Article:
On 20 August, prominent Kremlin critic Alexei Navalnyi collapsed on board a commercial flight, causing it to make an emergency landing in Omsk. Navalnyi’s condition had changed suddenly and violently during the flight and the aircraft captain’s swift decision probably saved his life. His family, friends and supporters immediately—and with good reason—suspected that he had been poisoned.
Navalnyi is just 44 and was in good health. An ordinary cup of tea at a café in Tomsk Airport could not have knocked him unconscious and brought him to the verge of death.
The poisoning of a Kremlin critic should not be seen as an extraordinary event. Mikhail Khodorkovski is in exile. Boris Nemtsov was shot dead five years ago. Navalnyi is presently the only prominent choice for Russians who do not support the so-called ‘collective Putin’. He has been attacked with chemicals and poisons on several occasions. For example, in 2017 several men threw antiseptic in his face, luckily causing only temporary damage to one eye. And last year, while routinely imprisoned on fabricated charges, he was rushed from prison to hospital with a severe allergic reaction.
Kremlin agents have also been responsible for numerous other high-profile poisonings, including Anna Politkovskaya in 2004 (she was murdered two years later), Alexander Litvinenko in 2006, Vladimir Kara-Murza in 2015 and 2017, Pussy Riot’s Pyotr Verzilov in 2018, and the Novichok attacks against Sergei Skripal and his daughter in March 2018. It was Verzilov who, upon hearing the news about Navalnyi, immediately requested an air ambulance for him from the Berlin-based non-profit Cinema for Peace. Verzilov himself had been evacuated to Germany in a similar manner in 2018.
The German medical team that arrived in Omsk on 20 August determined that Navalnyi was stable enough to fly. However, Russian doctors only gave their consent the following day, after claiming that there were no traces of poisoning whatsoever. Navalnyi’s wife, as well as German chancellor Angela Merkel and French president Emmanuel Macron, appealed to Putin to allow Navalnyi to be treated in Germany.
On 24 August, doctors at the Charité hospital in Berlin established that Navalnyi had been poisoned with a yet to be determined active cholinesterase inhibitor substance and he was put into an induced coma. His condition is serious. There is currently no immediate danger to his life, but long-term effects cannot be ruled out. Navalnyi’s poisoning is thus no longer just a suspicion, but a confirmed medical fact, even if Russia—as would be expected—vehemently disagrees. The Russian doctors in Omsk had no choice but to deny the poisoning, and are probably relieved to have got rid of both the patient and the FSB.
Nevertheless important questions remain. What were Russia’s calculations and expectations in carrying out this attack? Were the Kremlin and the FSB convinced that Navalnyi’s poisoning would not be unequivocally detected by German doctors, or did they simply not care? The probable answer is that the handing over of Navalnyi to Germany was meant to demonstrate that the Kremlin and FSB had nothing to do with the incident, and thus nothing to hide. This could be a new and rather clever Kremlin tactic—although it is clearly not smart enough to fool the sceptical Western (and Russian) public.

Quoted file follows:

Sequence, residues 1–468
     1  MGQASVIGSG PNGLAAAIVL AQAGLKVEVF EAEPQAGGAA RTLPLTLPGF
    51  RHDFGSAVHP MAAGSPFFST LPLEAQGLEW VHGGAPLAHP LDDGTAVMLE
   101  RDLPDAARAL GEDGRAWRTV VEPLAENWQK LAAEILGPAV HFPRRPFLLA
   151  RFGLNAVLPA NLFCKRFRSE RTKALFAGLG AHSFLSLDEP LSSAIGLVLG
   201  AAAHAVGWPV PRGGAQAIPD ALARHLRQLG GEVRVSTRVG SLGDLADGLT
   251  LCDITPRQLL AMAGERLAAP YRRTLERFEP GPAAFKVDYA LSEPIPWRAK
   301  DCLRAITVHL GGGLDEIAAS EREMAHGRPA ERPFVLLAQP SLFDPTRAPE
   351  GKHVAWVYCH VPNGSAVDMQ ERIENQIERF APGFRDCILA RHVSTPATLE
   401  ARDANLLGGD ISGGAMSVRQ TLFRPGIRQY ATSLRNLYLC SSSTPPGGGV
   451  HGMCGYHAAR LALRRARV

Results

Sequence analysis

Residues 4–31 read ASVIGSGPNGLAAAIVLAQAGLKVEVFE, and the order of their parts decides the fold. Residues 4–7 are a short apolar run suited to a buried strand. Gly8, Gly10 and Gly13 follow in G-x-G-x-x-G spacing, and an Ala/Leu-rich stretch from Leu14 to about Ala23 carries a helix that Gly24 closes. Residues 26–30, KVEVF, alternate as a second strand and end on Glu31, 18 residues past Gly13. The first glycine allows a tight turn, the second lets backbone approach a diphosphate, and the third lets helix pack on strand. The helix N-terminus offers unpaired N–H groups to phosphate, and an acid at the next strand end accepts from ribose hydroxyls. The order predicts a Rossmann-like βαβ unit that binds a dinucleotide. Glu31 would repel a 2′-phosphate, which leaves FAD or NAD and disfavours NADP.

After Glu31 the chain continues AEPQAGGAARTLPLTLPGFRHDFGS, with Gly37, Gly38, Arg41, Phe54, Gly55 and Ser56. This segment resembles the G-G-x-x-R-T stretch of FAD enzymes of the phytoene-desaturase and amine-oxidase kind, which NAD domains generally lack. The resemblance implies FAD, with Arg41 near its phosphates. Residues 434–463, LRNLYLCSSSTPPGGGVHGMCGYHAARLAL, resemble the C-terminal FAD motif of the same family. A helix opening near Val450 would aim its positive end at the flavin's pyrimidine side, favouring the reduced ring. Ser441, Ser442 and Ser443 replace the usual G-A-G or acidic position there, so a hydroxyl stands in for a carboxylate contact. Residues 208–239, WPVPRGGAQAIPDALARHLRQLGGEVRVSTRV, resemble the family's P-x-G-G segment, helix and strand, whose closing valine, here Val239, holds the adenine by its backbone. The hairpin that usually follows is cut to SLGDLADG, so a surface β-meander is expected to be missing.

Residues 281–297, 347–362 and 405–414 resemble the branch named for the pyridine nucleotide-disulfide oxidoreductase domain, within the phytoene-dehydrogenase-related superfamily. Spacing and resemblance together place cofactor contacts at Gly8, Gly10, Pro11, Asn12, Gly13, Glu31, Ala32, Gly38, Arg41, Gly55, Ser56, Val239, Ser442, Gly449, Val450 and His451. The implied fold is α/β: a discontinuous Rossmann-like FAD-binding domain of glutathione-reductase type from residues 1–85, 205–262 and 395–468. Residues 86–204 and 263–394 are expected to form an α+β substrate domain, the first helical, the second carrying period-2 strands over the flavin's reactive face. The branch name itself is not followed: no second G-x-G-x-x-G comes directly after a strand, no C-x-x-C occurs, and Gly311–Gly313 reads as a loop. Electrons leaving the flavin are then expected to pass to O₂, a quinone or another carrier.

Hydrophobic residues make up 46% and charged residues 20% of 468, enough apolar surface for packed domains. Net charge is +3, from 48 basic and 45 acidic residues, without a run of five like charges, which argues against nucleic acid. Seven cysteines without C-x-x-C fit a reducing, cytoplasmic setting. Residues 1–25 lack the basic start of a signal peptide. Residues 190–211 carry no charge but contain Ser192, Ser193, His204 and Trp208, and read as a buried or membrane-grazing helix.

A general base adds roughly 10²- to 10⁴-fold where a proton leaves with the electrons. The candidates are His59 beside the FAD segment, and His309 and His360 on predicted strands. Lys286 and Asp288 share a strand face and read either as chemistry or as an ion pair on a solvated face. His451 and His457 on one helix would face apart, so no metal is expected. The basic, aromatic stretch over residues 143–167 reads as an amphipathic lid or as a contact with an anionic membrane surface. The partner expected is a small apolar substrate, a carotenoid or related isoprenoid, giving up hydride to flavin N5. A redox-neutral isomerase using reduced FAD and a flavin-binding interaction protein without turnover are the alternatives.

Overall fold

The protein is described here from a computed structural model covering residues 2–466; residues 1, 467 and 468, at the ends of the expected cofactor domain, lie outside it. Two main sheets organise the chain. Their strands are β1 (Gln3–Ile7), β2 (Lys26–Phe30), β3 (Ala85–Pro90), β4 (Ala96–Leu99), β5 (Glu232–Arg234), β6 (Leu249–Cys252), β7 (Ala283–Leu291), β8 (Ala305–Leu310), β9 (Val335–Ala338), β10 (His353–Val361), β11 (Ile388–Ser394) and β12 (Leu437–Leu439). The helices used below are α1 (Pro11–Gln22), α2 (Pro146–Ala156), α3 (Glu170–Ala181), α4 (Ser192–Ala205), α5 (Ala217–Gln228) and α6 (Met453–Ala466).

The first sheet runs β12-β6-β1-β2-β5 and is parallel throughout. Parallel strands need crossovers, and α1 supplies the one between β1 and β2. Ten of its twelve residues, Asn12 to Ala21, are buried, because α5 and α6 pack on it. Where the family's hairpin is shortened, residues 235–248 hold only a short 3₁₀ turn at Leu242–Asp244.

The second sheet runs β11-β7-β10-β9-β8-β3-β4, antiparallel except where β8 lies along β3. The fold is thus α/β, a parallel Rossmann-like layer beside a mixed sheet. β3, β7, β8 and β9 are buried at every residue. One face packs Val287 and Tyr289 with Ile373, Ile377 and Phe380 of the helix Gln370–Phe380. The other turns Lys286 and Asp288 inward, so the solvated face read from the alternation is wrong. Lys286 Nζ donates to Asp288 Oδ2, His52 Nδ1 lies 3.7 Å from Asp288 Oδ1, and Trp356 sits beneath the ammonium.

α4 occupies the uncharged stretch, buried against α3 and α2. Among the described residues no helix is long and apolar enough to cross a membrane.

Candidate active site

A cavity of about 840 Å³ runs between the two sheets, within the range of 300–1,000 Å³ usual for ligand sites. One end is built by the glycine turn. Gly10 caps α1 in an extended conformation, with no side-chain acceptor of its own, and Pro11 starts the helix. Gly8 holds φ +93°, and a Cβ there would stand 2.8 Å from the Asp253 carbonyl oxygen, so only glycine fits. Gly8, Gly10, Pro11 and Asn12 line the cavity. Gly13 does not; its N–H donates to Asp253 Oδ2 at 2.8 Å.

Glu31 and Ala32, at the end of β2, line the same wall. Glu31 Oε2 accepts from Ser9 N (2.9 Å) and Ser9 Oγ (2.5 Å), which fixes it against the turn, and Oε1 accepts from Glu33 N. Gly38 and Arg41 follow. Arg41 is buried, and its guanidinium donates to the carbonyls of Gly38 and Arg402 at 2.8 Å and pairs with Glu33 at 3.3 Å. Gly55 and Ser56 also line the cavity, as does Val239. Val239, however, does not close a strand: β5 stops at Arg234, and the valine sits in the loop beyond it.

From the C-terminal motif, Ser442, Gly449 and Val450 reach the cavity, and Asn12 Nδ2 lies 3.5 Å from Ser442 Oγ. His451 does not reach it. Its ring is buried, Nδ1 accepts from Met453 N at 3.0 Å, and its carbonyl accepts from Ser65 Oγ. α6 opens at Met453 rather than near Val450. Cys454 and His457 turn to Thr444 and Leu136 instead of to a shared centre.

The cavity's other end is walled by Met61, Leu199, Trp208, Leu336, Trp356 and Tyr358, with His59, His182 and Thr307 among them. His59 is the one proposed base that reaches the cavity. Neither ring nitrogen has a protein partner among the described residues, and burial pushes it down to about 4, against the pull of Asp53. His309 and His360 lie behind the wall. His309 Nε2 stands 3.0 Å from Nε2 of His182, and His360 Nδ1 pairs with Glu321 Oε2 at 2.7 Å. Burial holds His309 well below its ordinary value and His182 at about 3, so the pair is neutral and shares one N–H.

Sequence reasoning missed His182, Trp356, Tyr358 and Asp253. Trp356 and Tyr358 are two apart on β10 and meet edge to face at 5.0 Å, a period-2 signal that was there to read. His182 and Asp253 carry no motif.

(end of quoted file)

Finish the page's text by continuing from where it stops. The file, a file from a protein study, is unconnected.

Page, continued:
Furthermore, Navalnyi has become, at least temporarily, a Russian expat. While he is recovering in Germany, the Kremlin has ample opportunity to present new indictments against him. Upon his eventual return to Russia, he could face immediate arrest, prosecution and imprisonment on new criminal charges. This would be a win-win situation for the collective Putin, as Navalnyi would either stay in the West as a ‘criminal’ evading justice, or return and be immediately imprisoned.
The timing of Navalnyi’s poisoning also offers some indications of the Kremlin’s goals. Navalnyi had openly supported the protesters in Belarus and backed the weeks-long demonstrations in Khabarovsk. The Kremlin probably felt that it had to send the people of both Russia and Belarus a new forceful message of intimidation—that the opposition and protests have no chance against the established dictatorial power, armed forces and security services.
‘Operation Navalnyi’ is a medical operation only in that it can save Alexei Navalnyi’s life and offer him the best possible recovery. Otherwise, it is a purely political business on a grand scale that began with the permanent surveillance of Navalnyi by the FSB before he was poisoned. This drama will continue in the coming weeks and months. Moscow is likely to become more aggressive if the situation in Belarus gets out of its control or protests spread in Russia itself. Let us hope that the health and determination of Alexei Navalnyi, and the Russian and Belarusian opposition, are strong enough.